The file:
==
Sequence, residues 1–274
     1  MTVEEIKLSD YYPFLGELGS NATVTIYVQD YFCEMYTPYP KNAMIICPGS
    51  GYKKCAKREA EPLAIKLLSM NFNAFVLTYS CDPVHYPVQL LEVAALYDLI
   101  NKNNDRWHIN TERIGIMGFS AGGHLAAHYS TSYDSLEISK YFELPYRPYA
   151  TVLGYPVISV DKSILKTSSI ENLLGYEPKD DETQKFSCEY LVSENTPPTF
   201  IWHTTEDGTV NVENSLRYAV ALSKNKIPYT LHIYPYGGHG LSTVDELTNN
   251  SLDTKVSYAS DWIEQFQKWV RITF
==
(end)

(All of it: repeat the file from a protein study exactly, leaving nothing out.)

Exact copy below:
Sequence, residues 1–274
     1  MTVEEIKLSD YYPFLGELGS NATVTIYVQD YFCEMYTPYP KNAMIICPGS
    51  GYKKCAKREA EPLAIKLLSM NFNAFVLTYS CDPVHYPVQL LEVAALYDLI
   101  NKNNDRWHIN TERIGIMGFS AGGHLAAHYS TSYDSLEISK YFELPYRPYA
   151  TVLGYPVISV DKSILKTSSI ENLLGYEPKD DETQKFSCEY LVSENTPPTF
   201  IWHTTEDGTV NVENSLRYAV ALSKNKIPYT LHIYPYGGHG LSTVDELTNN
   251  SLDTKVSYAS DWIEQFQKWV RITF